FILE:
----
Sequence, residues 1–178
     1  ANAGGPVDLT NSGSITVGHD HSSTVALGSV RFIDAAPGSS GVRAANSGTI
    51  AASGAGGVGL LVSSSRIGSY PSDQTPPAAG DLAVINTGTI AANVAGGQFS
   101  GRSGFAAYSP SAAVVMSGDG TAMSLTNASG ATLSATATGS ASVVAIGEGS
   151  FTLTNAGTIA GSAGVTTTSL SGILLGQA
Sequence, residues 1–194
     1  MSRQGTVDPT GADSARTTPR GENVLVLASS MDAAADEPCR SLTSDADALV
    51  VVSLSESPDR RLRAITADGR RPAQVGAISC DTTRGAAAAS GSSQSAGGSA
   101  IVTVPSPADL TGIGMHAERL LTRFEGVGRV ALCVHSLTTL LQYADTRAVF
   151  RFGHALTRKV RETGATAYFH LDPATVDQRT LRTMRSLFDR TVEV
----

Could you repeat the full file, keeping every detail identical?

Sequence, residues 1–178
     1  ANAGGPVDLT NSGSITVGHD HSSTVALGSV RFIDAAPGSS GVRAANSGTI
    51  AASGAGGVGL LVSSSRIGSY PSDQTPPAAG DLAVINTGTI AANVAGGQFS
   101  GRSGFAAYSP SAAVVMSGDG TAMSLTNASG ATLSATATGS ASVVAIGEGS
   151  FTLTNAGTIA GSAGVTTTSL SGILLGQA
Sequence, residues 1–194
     1  MSRQGTVDPT GADSARTTPR GENVLVLASS MDAAADEPCR SLTSDADALV
    51  VVSLSESPDR RLRAITADGR RPAQVGAISC DTTRGAAAAS GSSQSAGGSA
   101  IVTVPSPADL TGIGMHAERL LTRFEGVGRV ALCVHSLTTL LQYADTRAVF
   151  RFGHALTRKV RETGATAYFH LDPATVDQRT LRTMRSLFDR TVEV